MAYVILLE - Republicans made opposition all too easy.
That was Lori Cornell's comment midway through the County Legislature's reapportionment discussion Wednesday night.
The Jamestown Democrat thanked Majority Leader Larry Barmore, R-Gerry, for giving Democrats all the fodder they needed to criticize and condemn the redistricting proposal.
"We are, quite frankly, sitting here in awe that you have admitted, fully come out and admitted, that this was an illegitimate process," Cornell said.
Barmore's "admission" came during comments he made regarding how much work he put into the reapportionment process.
"I laid awake in bed thinking about this every night," Barmore said of the redistricting work. "I'd get up in the middle of the night and work on things on my computer. I was in constant email and phone conversations with the consultant. I personally had over 40 hours working on moving district lines, trying every conceivable change of district line and plan."
Majority Leader Larry Barmore, R-Gerry, listens to Keith Ahlstrom, D-Dunkirk, make a point during Wednesday’s reapportionment meeting. Barmore was criticized by Jamestown Democrats Lori Cornell and Maria Kindberg.
P-J photo by Nicholas L. Dean
Neither Cornell, nor later Maria Kindberg, D-Jamestown, missed the comment - nor the opportunity for criticism that it provided them.
"From your arguments just made prior, this process was done completely behind closed doors," Cornell said. "You, with all due respect, sitting at your computer, behind closed doors, online with a political consultant from Albany, for hours on end, is not open government."
Whether or not it was open government, as the Republican caucus did eventually unveil their plan at the first reapportionment commission meeting - it was made clear again Wednesday night that the respective party leaderships disagree on how to go about the work of reapportionment. Democrats believe the two parties should sit down and do all the necessary work together, in public. Republicans preferred to have each of the caucuses prepare their own plans and then work together on compromise.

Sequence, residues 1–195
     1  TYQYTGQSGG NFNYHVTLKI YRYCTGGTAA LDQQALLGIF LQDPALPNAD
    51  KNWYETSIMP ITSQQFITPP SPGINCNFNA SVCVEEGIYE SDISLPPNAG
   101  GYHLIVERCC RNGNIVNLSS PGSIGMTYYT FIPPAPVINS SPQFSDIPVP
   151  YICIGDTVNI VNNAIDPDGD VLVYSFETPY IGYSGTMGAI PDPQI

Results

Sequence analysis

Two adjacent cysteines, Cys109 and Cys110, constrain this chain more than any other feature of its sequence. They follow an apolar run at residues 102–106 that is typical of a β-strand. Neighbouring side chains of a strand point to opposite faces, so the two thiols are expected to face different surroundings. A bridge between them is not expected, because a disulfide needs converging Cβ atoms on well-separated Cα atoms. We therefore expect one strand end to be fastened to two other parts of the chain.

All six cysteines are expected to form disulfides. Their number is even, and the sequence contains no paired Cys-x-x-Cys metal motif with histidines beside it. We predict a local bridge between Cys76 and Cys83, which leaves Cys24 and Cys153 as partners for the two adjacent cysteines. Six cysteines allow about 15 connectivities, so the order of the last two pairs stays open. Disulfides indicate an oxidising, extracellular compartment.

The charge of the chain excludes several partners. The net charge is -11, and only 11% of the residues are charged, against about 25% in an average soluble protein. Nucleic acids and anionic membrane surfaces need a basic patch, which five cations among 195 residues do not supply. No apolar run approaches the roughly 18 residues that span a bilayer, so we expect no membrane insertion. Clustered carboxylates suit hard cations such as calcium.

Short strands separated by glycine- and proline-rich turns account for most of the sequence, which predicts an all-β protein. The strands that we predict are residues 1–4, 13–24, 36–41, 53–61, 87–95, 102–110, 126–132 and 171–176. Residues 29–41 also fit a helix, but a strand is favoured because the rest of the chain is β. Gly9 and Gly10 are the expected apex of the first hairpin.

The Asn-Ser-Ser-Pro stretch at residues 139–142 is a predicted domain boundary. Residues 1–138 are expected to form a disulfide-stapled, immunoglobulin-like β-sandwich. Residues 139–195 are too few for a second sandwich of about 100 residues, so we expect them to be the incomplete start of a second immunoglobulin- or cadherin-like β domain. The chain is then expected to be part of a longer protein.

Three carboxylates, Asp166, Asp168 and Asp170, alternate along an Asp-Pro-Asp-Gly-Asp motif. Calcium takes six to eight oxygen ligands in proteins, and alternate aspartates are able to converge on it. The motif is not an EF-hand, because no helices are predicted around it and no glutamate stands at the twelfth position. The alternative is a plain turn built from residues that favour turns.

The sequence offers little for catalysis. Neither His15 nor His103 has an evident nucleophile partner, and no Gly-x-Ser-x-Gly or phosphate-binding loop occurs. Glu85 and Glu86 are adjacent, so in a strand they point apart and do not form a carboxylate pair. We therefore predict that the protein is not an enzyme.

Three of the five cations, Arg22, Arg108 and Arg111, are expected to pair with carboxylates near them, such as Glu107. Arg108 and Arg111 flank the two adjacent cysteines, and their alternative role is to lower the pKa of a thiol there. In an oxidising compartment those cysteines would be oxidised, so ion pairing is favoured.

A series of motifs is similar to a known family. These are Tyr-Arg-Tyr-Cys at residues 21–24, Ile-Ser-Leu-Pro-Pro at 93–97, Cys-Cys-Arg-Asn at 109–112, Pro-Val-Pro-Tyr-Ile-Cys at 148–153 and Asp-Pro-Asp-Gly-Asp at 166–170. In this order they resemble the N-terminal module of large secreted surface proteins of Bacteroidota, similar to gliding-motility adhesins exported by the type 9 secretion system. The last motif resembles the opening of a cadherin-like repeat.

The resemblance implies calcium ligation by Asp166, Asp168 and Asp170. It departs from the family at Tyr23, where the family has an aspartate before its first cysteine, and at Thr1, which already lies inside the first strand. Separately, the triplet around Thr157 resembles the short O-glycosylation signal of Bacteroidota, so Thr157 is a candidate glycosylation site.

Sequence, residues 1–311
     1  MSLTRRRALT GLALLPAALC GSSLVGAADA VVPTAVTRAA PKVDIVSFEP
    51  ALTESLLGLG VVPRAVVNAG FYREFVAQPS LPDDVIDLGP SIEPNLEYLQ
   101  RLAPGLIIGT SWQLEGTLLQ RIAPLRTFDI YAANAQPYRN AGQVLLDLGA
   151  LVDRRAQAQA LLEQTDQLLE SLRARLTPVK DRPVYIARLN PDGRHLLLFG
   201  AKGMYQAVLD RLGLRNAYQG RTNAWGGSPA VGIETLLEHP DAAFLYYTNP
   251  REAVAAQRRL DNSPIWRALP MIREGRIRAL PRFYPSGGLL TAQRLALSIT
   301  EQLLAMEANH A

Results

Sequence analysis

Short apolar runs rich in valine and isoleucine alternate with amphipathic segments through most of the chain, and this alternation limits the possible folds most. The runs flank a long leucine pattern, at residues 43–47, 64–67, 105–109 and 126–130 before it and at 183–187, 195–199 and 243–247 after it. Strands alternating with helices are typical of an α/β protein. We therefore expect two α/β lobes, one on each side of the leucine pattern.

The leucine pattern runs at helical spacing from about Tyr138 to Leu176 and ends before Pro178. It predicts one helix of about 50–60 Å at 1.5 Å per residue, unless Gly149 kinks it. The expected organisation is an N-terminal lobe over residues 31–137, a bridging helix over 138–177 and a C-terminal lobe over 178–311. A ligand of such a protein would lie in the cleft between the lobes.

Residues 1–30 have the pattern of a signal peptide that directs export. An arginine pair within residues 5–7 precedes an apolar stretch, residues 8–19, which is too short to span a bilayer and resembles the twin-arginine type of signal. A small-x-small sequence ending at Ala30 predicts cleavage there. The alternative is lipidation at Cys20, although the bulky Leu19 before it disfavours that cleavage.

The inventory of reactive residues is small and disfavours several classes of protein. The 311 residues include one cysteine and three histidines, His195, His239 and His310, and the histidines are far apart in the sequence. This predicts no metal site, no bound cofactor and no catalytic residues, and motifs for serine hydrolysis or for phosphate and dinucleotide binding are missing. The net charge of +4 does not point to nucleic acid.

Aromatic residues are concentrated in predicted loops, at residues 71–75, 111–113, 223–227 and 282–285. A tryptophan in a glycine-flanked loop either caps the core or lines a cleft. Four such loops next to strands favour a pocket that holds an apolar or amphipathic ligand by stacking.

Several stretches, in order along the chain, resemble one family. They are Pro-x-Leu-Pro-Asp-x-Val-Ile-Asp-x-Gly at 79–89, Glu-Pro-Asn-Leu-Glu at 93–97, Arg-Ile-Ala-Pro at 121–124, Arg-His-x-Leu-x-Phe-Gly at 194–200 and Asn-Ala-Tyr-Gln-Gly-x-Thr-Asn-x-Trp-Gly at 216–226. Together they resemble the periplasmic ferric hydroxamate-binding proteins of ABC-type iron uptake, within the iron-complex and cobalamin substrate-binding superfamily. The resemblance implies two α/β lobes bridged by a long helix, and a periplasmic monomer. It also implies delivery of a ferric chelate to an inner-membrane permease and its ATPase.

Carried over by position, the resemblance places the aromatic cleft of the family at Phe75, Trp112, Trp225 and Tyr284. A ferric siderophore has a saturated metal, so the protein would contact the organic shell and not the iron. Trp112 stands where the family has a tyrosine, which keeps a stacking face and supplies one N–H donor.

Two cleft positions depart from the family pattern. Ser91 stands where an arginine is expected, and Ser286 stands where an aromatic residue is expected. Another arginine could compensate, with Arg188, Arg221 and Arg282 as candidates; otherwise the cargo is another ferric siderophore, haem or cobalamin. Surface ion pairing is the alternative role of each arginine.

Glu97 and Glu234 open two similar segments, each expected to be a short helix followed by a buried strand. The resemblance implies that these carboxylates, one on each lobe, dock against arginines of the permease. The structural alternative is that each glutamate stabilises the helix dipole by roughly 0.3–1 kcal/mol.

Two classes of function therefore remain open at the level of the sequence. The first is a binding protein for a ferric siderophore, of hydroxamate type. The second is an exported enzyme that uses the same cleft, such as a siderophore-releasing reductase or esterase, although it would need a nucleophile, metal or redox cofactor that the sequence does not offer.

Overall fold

At the start of Wednesday's meeting, Minda Rae Amiran, of the local League of Women Voters, called the process a prize fight.
"Each contestant trains with his own specialist, or not, as the case may be," she said, "and then the sides meet once and once only to determine the outcome."
Later in the meeting, Barmore echoed that description when explaining how exactly Legislature Chairman Fred Croscut, R-Sherman, had called for the first meeting of the reapportionment commission.
"Mr. Chairman," he said, addressing Croscut, "I know you personally called Dr. Mueller the day after the census numbers came out, told him what we were doing, told him that we were going to spend the week developing a plan or plans and that we would come together the following Saturday for a meeting and that the Democratic caucus was to do the same thing and to come prepared. They did not come prepared."
AWE AND AMAZEMENT
At one point during his comments, Barmore said Republicans had first contacted the consultant they subsequently hired for the reapportionment process back in February.
Democrats called it a slip.
"That was a secret to all of us," Cornell said. "I had no idea until that two weeks ago (at the legislature's March meeting) when it was announced on the floor of the legislature that we were even thinking of beginning this process, and you had started it months prior."
Cornell went on to question how such actions served any good when legislators could have been "sitting down at the table and working" on a plan together.